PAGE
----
2) Moral contexts, because I only have moral obligations to people. I have no moral obligations to things, and the whole idea is absurd on the face of it. I don’t have a moral obigation to not destroy a lamppost because ofa moral obligation to the lamppost but because I have a moral obligation to myself or society (made up of people) or the owner of the lamppost, all of which are to people. So if I am to be said to have a moral obligation at all, that must entail a moral obligation to a person, and so I cannot in any cases where I have moral obligations treat the recipient of that moral obligation as anything other than a person.

And, from here, we can see the issue when we get to actual interaction, and specifically to interaction over sexual relations. For the most part, even the most casual of casual sex is, in fact, in a social context. It is, to some degree, socializing. That, in and of itself, would mean that you should treat the other person as a complete human being and not as an object. But that’s not the most important consideration.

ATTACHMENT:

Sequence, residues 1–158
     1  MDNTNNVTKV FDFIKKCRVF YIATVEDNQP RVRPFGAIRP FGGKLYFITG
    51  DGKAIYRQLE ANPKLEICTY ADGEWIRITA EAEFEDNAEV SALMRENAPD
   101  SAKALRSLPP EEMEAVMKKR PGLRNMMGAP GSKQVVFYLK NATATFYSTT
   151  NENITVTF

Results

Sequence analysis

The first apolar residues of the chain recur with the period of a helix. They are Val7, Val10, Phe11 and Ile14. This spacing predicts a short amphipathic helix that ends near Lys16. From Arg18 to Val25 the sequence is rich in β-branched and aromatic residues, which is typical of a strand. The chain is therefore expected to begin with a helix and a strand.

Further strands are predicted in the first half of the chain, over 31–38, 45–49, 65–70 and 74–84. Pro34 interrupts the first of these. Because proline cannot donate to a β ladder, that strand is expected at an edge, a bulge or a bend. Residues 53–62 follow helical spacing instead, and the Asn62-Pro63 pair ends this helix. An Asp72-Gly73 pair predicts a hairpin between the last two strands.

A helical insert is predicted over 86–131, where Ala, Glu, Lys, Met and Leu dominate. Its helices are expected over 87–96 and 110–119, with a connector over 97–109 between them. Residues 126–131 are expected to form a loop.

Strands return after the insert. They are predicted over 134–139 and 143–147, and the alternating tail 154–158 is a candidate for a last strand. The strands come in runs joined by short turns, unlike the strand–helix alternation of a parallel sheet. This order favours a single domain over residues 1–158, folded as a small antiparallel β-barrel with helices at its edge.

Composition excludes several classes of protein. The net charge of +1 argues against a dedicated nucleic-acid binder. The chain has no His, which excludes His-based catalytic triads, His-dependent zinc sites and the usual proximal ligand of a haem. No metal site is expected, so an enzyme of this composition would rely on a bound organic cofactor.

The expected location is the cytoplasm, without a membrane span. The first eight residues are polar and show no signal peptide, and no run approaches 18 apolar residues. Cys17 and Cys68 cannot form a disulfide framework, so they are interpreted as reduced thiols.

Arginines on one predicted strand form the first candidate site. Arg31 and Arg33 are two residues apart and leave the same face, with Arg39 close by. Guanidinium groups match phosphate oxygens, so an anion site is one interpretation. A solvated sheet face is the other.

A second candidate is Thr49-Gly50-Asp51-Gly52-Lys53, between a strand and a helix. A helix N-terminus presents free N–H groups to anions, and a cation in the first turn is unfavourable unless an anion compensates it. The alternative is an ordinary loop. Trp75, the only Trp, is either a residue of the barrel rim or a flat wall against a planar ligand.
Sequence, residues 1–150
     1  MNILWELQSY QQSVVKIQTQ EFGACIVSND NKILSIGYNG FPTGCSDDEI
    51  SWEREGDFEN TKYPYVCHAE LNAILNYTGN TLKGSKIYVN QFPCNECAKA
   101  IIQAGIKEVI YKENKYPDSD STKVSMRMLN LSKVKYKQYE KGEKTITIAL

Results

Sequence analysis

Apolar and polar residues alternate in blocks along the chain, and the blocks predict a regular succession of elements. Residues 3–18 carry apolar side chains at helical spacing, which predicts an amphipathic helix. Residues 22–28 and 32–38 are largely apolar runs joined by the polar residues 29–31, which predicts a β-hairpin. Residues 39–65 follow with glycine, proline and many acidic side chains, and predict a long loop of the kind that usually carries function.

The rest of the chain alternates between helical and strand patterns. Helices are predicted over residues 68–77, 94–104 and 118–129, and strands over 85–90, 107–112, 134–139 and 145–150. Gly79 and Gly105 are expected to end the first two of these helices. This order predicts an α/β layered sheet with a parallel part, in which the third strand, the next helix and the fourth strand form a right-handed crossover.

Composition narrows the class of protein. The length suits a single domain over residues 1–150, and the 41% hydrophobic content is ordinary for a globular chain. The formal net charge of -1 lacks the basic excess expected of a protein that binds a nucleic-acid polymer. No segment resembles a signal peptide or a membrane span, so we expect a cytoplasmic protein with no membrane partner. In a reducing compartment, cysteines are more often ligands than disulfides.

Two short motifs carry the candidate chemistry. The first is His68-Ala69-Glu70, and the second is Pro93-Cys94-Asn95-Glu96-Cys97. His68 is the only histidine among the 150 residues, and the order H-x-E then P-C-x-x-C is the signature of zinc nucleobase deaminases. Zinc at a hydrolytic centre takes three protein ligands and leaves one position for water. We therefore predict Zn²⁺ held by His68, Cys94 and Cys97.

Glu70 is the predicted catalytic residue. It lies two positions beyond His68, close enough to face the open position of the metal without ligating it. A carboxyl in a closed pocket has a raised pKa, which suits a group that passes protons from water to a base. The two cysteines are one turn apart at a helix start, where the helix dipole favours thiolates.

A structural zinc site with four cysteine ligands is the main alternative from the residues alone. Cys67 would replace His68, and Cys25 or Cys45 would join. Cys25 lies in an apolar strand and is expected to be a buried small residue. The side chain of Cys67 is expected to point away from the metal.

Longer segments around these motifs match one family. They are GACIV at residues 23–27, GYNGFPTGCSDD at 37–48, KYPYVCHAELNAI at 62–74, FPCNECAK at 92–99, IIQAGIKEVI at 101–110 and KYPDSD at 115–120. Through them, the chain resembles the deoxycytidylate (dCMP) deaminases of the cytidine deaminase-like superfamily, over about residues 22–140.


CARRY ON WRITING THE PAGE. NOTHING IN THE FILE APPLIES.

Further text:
The most important consideration is this: do you have any moral obligations to your partner? And the answer seems to be that if consent is introduced — and someone did claim that consent did force the change to personhood — then you do have a moral obligation: to respect their consent and, in fact, to gain it. My response to that was that you can shift contexts and consider them a person once consent is denied, and that works well against the argument that consent is not something that an object can give (as long as you’re good about switching contexts). It doesn’t work against the “moral obligation” point, since that moral obligation, it seems, is present throughout the entire event: from the first approach to the final climax, that moral obligation persists even if it is not exercised and is never required. Thus, the whole event is in a moral context, and moral contexts require treating them as people. And then the comments that treating them as an object might lead to rape get some validity, since you’d have to make sure that you switched in the recognition of the moral obligation that you wouldn’t feel you had if they were just an object and not a complete human being.

Thus, because all sex is always embedded in social and moral contexts, you cannot treat someone as less than a complete human being when you’re having sex, even when you’re having casual sex EDIT: without treading on those obligations (thanks for Dhorvath for the suggestion) .